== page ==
Search

Norfolk pupils get an insight into the world of science

PUBLISHED: 07:00 28 January 2010 | UPDATED: 09:10 01 August 2010

Sam Carter of Cliff Park High School getting a craft airborne.

Sam Carter of Cliff Park High School getting a craft airborne.

Tracey Gray

Just how does a rocket manage to make it into space and what is it really like working in a science lab all day?

Those were just some of the questions being posed by students from six Norfolk schools taking part in a science event held at the John Innes Centre in Norwich, on Wednesday .

Just how does a rocket manage to make it into space and what is it really like working in a science lab all day?

Those were just some of the questions being posed by students from six Norfolk schools taking part in a science event held at the John Innes Centre in Norwich yesterday.

The aim of the fair was to encourage more students to study the sciences and go into science-related careers after finishing their education.

The event was hosted by Norfolk-based science education charity, the Teacher Scientist Network, and a cluster of Norfolk schools which have formed The East Norfolk Triple Science Network, including Hobart High School in Loddon, Flegg High School in Martham, Caister High School and Gorleston-based high schools Cliff Park, Oriel and Lynn Grove.

The event included a science demonstration exploring the principles of jet propulsion and also workshops delivered by biologists and chemists from the University of East Anglia.

There was also a quick-fire, 'speed-dating' session with eight young researchers from across the Norwich Research Park talking with the students about life in and out of the lab.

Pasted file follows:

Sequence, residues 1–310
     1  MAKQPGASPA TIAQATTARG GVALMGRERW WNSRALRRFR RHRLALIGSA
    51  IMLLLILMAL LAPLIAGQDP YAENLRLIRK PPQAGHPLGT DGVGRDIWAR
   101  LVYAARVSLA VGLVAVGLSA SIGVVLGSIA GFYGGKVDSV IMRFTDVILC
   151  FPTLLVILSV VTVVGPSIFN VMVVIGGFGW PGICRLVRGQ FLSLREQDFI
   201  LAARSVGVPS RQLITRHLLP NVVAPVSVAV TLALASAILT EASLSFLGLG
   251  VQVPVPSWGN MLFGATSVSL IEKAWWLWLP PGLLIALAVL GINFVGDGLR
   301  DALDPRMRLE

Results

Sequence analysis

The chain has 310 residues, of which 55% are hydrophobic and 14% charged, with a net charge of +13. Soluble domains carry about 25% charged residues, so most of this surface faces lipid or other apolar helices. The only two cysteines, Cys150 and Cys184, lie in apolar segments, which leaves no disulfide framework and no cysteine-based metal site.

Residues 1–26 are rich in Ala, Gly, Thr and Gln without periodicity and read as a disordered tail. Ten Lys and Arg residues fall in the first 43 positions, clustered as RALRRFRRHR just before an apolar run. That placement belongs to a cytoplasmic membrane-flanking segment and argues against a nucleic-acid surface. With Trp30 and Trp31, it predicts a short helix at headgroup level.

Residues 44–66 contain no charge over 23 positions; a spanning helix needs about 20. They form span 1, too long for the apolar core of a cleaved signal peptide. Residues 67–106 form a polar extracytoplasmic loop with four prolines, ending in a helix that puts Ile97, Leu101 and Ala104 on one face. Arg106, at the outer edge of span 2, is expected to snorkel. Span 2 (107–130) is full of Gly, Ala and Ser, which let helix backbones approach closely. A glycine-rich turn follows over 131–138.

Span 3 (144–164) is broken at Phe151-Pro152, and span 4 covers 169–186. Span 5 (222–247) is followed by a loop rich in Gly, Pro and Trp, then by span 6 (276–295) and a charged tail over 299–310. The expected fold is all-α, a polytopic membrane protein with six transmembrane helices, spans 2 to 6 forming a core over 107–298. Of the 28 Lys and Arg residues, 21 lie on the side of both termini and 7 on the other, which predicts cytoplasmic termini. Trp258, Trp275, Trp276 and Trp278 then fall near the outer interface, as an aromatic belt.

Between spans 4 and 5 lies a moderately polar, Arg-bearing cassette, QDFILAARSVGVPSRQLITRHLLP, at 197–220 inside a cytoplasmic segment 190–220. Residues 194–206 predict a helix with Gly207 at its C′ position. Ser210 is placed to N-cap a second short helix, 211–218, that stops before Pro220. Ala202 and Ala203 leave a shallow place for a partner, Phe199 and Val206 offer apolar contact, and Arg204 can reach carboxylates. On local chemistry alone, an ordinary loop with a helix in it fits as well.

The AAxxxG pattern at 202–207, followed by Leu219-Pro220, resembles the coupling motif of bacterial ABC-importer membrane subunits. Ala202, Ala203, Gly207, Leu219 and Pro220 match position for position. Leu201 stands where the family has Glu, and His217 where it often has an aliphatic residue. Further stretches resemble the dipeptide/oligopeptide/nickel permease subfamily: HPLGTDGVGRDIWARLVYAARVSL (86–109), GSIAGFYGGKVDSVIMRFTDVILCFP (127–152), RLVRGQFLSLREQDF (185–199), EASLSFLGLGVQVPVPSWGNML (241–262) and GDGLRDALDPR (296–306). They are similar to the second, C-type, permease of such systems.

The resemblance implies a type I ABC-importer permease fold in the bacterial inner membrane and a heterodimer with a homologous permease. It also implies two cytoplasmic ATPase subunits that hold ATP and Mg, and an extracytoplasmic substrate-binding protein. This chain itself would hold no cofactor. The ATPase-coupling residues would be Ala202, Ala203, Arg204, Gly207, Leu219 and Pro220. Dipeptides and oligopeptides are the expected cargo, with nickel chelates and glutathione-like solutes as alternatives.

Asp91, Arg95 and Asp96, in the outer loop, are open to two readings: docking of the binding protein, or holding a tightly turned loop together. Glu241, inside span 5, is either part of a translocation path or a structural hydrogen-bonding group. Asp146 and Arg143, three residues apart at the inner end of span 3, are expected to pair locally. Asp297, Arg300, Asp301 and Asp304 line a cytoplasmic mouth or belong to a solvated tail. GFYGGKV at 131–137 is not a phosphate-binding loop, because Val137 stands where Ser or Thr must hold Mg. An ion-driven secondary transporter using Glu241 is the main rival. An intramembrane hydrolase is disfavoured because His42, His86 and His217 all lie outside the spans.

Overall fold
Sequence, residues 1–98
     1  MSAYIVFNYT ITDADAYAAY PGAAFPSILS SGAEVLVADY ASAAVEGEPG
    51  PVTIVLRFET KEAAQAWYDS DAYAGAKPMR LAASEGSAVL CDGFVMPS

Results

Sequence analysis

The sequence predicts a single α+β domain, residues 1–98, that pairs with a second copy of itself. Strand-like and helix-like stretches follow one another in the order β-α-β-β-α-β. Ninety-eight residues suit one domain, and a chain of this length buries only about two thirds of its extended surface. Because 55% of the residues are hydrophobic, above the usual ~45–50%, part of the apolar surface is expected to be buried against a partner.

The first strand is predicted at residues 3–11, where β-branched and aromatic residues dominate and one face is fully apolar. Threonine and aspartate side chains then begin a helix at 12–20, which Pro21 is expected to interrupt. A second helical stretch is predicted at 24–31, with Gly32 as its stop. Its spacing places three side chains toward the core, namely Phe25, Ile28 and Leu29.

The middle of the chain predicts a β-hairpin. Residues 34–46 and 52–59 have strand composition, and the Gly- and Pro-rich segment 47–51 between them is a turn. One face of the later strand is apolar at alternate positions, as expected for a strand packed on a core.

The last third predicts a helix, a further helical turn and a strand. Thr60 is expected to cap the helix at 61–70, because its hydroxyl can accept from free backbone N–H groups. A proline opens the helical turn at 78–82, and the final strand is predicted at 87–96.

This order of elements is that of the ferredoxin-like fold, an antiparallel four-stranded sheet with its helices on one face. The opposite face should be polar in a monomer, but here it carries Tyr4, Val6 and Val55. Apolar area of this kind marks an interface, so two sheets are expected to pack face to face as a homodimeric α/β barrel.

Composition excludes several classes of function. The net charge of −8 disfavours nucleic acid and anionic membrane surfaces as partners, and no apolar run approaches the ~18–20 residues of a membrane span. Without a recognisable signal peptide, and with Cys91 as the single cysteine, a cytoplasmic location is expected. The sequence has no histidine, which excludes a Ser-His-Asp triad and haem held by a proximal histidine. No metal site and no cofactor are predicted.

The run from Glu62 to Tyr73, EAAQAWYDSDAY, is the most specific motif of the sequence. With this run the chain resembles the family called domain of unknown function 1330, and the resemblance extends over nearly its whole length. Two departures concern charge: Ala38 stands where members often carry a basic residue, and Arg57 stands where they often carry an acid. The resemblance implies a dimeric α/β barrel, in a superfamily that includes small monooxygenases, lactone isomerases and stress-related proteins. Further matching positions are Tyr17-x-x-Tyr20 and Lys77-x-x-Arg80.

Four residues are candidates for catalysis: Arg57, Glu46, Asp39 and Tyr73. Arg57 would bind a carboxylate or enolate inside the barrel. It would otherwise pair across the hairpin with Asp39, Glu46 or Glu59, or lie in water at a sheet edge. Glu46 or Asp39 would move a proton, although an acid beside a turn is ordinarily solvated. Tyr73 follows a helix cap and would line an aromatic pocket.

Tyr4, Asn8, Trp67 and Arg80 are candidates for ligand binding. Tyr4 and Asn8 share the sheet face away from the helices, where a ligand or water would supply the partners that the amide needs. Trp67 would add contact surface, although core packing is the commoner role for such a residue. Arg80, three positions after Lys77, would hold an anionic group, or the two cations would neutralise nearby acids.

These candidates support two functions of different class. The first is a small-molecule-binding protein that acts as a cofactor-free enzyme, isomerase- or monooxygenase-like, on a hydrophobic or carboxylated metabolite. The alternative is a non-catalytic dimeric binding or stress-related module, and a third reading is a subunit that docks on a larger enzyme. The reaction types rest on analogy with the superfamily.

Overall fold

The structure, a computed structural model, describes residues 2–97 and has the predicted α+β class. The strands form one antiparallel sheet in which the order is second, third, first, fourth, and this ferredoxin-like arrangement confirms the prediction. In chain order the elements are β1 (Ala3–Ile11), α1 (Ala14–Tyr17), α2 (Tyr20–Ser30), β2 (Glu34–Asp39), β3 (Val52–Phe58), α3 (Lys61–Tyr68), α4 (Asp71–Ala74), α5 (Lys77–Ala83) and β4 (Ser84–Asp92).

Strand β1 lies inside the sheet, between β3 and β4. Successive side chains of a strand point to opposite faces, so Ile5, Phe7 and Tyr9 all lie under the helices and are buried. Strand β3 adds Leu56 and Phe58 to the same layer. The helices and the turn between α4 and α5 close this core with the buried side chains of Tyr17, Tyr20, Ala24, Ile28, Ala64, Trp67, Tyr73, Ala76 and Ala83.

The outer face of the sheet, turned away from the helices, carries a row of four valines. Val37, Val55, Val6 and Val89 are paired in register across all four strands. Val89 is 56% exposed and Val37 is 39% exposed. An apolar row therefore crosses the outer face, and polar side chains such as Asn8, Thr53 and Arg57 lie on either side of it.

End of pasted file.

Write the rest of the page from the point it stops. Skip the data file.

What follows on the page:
The co-ordinator of the Triple Science Network, Sandra Shelley, from Lynn Grove High School, said: "We hope the event will really inspire pupils with regard to science and underline the fact that studying science subjects can be exciting and fun.

"Evidence shows that pupils have decided by the age of 14 years about whether or not they wish to study sciences further. We hope that this event, together with good science teaching in our schools, will help them to choose triple science at GCSE and beyond."

The day also offered an opportunity to explore careers and future study with staff from employers, colleges and training bodies.

Imogen Lawson, 14, from Hobart High School, said: "I think the demonstrations have been really interesting; it has made me want to find out more, especially about rocket science. After being here today, science is definitely one of the things I would think about taking further."

Dr Phil Smith, co-ordinator of TSN, added: "We shouldn't underestimate the responsibility of those engaged in STEM subjects (Science Technology Engineering and Maths) to work together with schools on this challenge.

"I hope that having had the chance to talk to young people at this event, many of the scientists will be inspired to engage more with schools in the future."

Dr Smith is looking for any business or organisations or individuals who would like to be STEM ambassadors and pass on their passion for science to others. For more information, contact him on 01603 450304.

Most Read

Most Read

Latest from the Beccles and Bungay Journal

Hot Jobs

Show Job Lists